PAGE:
Gemini PDA Review – Remember the Psion? No, not the Psion Organiser, the boxy grey glorified calculator that every shop assistant and delivery driver toted in the 1980s. A decade later, its British maker produced the Series 5, a touchscreen pocket computer with a proper keyboard. This short-lived but enduringly popular format was the invention of industrial design consultant Martin Riddiford, and if the Gemini PDA seems oddly reminiscent of it, that’s because he’s worked on this new personal digital assistant too – and this time it runs Android.
A mini PC and phone with great screen, but many design flaws
First impressions are good. The Gemini is only a bit bigger than a large mobile phone, albeit noticeably heavier. The top part is basically a 6in Android phone sideways, which has a very sharp, bright screen that covers 97 per cent of the sRGB range. Colours aren’t as accurate as they might be, but that’s being picky – it’s a very decent screen. The processor inside is mid-range but perfectly adequate, and battery life may not compare with that of most phones, lasting just over 11 hours in our video-playback test, but that’s longer than laptops and tablets. There are two USB Type-C ports, one of which is used for charging, and a microSIM slot for 3G/4G, which not only enables internet access but lets you use the Gemini as a phone. That feels fine, but with the lid shut you can’t tell who’s calling you except by an arcane system of blinking LEDs. A version with only Wifi brings the price down.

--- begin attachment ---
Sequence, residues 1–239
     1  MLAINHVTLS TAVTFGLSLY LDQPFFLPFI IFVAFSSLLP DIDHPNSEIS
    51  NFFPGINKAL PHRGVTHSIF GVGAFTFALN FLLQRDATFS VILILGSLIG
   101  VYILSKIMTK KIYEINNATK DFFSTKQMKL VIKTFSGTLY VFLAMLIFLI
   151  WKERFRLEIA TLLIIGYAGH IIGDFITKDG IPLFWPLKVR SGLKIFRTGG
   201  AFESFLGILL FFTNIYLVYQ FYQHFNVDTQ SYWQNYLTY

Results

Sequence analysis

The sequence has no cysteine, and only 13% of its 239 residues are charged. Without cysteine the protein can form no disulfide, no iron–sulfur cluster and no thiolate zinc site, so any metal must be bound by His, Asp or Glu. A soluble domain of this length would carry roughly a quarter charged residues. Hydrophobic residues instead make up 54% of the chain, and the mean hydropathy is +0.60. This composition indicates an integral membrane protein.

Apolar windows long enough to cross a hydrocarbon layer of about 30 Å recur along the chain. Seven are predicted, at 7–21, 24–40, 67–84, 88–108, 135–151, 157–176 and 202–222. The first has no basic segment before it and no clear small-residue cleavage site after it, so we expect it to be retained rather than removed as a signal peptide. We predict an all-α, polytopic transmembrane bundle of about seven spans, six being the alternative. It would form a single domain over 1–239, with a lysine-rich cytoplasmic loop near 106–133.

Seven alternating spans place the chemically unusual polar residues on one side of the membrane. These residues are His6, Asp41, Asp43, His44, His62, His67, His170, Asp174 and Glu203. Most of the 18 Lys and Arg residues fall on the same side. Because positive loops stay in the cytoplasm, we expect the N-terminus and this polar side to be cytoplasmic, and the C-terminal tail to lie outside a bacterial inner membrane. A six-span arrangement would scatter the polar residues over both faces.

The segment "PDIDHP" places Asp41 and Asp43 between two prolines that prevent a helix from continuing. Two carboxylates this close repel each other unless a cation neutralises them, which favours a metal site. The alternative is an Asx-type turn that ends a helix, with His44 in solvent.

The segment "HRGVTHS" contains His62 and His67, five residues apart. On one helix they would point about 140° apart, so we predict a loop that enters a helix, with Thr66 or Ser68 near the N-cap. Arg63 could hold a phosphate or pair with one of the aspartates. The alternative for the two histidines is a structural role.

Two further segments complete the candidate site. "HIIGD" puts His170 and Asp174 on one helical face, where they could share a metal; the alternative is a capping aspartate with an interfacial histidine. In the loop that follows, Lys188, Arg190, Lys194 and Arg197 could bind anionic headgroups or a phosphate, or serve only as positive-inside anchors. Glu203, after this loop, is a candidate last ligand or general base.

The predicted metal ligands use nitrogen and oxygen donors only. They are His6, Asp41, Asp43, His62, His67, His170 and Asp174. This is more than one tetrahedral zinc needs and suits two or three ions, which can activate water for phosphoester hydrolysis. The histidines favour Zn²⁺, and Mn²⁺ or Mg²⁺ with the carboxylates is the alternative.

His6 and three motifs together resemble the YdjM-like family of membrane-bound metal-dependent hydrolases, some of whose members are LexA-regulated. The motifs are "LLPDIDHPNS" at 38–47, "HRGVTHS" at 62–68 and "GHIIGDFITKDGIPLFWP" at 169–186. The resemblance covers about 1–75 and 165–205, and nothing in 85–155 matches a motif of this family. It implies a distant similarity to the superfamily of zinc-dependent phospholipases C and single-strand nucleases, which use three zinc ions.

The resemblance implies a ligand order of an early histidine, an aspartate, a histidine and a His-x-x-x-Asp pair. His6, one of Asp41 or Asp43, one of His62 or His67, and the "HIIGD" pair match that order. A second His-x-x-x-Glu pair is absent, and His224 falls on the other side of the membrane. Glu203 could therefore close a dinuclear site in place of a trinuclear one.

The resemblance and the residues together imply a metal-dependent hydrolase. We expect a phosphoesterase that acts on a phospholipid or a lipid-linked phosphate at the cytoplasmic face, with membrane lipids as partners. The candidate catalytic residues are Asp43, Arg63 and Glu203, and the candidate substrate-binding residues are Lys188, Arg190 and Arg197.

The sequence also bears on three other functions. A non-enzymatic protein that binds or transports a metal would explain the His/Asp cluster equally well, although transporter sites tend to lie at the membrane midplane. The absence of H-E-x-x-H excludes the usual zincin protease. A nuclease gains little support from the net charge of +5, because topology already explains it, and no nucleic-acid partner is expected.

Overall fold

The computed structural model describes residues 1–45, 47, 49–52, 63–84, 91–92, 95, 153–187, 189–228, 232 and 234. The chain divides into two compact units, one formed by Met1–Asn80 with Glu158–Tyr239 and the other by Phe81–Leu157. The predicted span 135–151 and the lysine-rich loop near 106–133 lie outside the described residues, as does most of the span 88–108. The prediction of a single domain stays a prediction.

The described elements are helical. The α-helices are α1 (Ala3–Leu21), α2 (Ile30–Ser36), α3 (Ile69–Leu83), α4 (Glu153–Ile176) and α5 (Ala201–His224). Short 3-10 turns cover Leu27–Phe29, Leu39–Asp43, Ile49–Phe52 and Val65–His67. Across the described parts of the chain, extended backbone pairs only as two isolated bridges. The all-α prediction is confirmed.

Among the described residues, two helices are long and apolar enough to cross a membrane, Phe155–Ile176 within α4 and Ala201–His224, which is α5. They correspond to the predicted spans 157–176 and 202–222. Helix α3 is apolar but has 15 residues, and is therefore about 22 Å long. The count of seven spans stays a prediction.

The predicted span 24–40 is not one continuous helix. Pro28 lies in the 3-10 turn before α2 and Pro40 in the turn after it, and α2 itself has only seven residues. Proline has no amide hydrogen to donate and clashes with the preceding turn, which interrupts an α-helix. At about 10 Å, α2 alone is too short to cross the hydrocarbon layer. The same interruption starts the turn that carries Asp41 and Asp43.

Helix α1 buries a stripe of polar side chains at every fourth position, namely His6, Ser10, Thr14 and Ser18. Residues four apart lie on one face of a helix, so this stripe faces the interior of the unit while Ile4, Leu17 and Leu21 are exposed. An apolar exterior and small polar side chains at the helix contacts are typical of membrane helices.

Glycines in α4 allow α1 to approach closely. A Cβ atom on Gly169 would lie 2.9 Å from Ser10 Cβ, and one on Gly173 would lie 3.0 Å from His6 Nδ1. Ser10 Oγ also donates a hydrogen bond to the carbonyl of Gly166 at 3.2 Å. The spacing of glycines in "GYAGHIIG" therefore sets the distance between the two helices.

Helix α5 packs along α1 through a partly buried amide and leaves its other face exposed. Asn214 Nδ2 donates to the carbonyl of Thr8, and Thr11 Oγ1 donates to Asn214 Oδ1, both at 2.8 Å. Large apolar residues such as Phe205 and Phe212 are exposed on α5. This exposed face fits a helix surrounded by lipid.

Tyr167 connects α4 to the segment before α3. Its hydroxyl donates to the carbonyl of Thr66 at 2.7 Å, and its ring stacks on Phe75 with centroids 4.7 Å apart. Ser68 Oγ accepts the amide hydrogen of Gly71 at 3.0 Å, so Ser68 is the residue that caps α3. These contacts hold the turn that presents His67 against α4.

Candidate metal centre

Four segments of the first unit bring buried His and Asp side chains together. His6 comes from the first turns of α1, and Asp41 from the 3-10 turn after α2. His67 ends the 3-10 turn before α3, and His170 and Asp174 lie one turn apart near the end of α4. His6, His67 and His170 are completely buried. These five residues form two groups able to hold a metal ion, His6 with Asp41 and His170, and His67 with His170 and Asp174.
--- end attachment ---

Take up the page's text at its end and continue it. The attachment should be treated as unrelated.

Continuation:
Android proves to be a double-edged sword. On the plus side, you have millions of apps to choose from, including Microsoft Office. But most of them don’t suit landscape orientation, and nor does web browsing, which is tedious on such a wide screen (you can only read a few lines of text before having to scroll) and awkward if you try to hold the Gemini vertically.
The keyboard doesn’t fold all the way back, so it’s always sticking out at the side. Cleverly, you can access Google Assistant even with the device closed. When you open it, though, it’s a pain to have to tap your passcode into the touchscreen (the keyboard won’t work for this, and there’s no fingerprint reader).
Surprisingly, the biggest disappointment is the keyboard. A common problem for crowdfunded projects like the Gemini is that they don’t have the time or resources for comprehensive prototyping, and there’s many a slip between the best of design intentions and execution on the production line. The Gemini’s space bar is rather short, but would be manageable if it reliably typed one space every time it was hit. Ours was often likely to type two, and other users have reported the same problem. Nor is the feel of the keys or their spacing ideal, and overall, even after a week, we only managed half our normal PC typing speed, barely faster than on a phone screen.
Via USB Type-C, you can connect the Gemini to a monitor and full-size keyboard while at your desk. Windows 10 Mobile phones used to support this, and some of Huawei’s phones do now, but the Gemini’s Android installation doesn’t. Instead, this feature will be activated by a ‘coming soon’ option to install Debian Linux. That might be interesting, but like Android, Linux is a general-purpose operating system, not one written specially for this device, as with the Series 5. It seems like missing the point.
We love the idea of a mobile device with a real keyboard, and the Gemini PDA is tantalisingly close to making it happen. Some users are satisfied with it. But for now, we’re not convinced.
The keyboard is the whole point, so its poor quality is a deal- breaker, but we’ll be first in the queue to try the next version
Cortex 10-core processor with Mali-T880 graphics • 4GB memory • 64GB flash storage • 5.99in 2160×1080-pixel screen • 5-megapixel front camera • 802.11ac Wi-Fi • Bluetooth 4.1 • MicroSD card slot • 2x USB Type-C ports • Android 7.1 • 14x171x79mm (HxWxD) • 304g • One-year warranty